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VoIP, unified messaging, products and services
Network World - AT&T recently stopped offering its CallVantage VoIP service to new subscribers. With no official announcement, online shoppers for the service were greeted with a message thanking would-be customers for their interest and noting that the company is not currently accepting new orders for the VoIP service. The decision affects both the consumer and SMB versions of the service. AT&T will continue to provide CallVantage to existing customers, although it has not disclosed what will happen when an existing customer wants to move or change their current service.
AT&T had already stopped actively marketing CallVantage within its local footprint about a year ago, but in January this year it launched AT&T U-verse Voice. Available in more than 20 metro areas, AT&T U-verse Voice is the first commercial product in the United States to be based on an IMS platform.
The decision to stop selling CallVantage provides insights on AT&T’s overall out-of-region voice services strategy for consumers and the SMB market. When SBC and AT&T merged in November 2005, the “old AT&T” portfolio included nationwide local and long-distance calling plans. CallVantage was also part of the “old AT&T” portfolio, and it used any carrier's broadband connection to provide unlimited domestic voice for $24.99 a month (unlimited domestic calling) or $19.99 (metered long-distance calls), similar in price and features to the service Vonage still offers. As the new AT&T rationalized its consumer voice services, new in-region sales were focused on existing traditional SBC (and BellSouth) unlimited plans, facilitating the demise of the old AT&T plans.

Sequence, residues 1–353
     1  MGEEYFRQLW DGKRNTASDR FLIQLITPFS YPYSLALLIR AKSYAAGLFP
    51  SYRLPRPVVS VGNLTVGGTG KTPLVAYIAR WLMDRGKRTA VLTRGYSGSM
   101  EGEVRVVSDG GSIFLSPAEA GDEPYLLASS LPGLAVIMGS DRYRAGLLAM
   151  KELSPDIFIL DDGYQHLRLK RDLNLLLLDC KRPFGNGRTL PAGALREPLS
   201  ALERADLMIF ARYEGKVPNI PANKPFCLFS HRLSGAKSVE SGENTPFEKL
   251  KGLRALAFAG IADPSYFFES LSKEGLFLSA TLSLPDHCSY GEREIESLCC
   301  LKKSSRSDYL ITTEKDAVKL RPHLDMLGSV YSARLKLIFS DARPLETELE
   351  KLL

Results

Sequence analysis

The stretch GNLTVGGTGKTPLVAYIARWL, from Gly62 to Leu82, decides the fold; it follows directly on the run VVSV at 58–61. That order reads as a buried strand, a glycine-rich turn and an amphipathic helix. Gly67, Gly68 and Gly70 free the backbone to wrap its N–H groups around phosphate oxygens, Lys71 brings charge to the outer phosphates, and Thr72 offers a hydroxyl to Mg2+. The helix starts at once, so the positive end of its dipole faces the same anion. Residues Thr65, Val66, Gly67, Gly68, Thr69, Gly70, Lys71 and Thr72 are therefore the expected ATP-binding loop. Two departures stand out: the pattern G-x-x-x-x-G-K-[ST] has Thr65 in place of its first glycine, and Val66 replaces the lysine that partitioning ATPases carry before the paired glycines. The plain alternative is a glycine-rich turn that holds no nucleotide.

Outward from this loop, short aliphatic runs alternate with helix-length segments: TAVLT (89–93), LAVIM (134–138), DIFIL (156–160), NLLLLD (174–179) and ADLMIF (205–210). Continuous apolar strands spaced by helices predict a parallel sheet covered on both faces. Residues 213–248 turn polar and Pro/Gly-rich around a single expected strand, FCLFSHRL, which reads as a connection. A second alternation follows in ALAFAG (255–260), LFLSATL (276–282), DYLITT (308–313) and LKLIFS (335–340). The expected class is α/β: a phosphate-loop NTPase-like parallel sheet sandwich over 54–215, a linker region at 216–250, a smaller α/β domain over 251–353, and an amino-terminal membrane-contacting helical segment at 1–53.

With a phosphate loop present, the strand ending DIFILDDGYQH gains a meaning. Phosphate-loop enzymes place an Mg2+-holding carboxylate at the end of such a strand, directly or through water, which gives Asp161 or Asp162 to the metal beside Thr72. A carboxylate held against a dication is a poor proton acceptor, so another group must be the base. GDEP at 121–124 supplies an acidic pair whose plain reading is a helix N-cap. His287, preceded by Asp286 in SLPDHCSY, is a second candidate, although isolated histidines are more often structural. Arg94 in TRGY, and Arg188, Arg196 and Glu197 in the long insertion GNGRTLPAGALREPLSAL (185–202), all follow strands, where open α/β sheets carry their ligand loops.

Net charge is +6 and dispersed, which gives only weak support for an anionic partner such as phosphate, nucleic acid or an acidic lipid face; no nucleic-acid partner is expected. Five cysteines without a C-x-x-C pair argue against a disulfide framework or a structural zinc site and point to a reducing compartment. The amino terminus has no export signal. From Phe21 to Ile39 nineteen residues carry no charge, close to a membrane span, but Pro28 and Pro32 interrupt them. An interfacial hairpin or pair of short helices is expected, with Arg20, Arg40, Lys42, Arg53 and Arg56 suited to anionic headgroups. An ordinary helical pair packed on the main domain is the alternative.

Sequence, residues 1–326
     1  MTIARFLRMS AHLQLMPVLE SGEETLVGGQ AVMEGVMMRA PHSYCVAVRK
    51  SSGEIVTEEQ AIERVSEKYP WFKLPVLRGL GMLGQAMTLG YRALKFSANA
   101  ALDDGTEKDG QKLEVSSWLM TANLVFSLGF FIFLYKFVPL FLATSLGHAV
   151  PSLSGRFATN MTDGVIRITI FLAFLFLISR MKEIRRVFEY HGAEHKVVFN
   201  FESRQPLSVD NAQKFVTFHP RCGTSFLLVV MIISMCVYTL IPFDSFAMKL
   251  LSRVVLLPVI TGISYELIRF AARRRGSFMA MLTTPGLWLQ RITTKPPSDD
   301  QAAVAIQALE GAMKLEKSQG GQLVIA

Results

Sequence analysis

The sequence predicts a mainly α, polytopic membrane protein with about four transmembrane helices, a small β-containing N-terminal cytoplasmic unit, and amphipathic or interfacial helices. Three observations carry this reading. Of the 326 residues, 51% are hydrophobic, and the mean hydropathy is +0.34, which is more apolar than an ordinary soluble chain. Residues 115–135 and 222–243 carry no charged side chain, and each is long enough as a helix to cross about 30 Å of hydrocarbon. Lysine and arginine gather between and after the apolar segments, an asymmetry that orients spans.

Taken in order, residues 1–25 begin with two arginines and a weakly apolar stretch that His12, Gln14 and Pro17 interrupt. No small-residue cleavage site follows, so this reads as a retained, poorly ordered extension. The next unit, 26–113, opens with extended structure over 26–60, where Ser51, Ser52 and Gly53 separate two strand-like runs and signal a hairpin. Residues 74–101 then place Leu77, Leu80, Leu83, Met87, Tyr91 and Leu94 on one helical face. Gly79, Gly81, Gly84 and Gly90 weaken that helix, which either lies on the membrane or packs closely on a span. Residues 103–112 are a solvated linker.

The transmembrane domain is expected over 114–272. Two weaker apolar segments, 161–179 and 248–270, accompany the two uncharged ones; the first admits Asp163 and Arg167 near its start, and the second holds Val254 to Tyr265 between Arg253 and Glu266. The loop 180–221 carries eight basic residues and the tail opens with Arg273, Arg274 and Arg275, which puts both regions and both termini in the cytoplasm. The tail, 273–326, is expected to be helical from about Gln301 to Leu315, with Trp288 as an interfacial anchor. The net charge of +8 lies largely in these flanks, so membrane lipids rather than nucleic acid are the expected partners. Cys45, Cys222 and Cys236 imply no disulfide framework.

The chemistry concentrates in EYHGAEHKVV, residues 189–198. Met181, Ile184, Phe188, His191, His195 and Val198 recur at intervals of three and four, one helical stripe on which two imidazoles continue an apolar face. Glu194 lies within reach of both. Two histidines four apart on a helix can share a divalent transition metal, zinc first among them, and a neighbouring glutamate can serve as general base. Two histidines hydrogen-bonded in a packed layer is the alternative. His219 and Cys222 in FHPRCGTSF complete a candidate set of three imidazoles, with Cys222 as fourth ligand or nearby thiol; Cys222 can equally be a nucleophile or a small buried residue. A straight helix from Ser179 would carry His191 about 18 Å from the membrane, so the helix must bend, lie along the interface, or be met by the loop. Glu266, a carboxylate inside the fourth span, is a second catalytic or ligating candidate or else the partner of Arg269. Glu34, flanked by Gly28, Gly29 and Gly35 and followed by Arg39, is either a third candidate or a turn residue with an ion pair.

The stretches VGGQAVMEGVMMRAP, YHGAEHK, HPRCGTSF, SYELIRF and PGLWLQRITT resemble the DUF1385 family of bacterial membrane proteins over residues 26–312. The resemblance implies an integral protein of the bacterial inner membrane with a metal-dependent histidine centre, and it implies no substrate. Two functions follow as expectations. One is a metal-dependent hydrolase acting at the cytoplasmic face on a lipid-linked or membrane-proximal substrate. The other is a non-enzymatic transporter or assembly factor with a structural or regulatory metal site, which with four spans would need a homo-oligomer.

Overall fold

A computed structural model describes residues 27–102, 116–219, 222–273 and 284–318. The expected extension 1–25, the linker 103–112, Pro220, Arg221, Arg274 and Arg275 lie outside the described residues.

According to the company’s Web site, AT&T will “continue to evaluate” its CallVantage service and said that it remains “committed to providing leading, next generation voice services for today's consumer and business customers.”
Our observations: Judging by the sales results of the first half of 2008 from Vonage and Packet8, the stand-alone consumer VoIP market has peaked and may be headed for a gradual decline, so AT&T’s decision to suspend new CallVantage sales will not have a large affect on the consumer VoIP market. For example, in the first half of this year, Vonage eked out only 32,000 net additions and Packet8 reported that its consumer VoIP revenue declined for the same six-month period. With customers increasingly buying double- or triple-play bundles, the stand-alone consumer VoIP industry has a bleak future. However, when bundled with a broadband connection or as part of a triple-play, VoIP has proven to be very successful - in 2007 the top five U. S cable companies collectively added more than 4.8 million VoIP subscribers and another 2.2 million VoIP customers in the first half of 2008. The future of “bring your own broadband” VoIP in the SMB market remains to be seen.
Read more about voip & convergence in Network World's VoIP & Convergence section.
Steve Taylor is president of Distributed Networking Associates and publisher/editor-in-chief of Webtorials. Larry Hettick, an independent analyst and consultant, is a 30-year industry veteran. He has covered VoIP and UC at Network World for 12 years.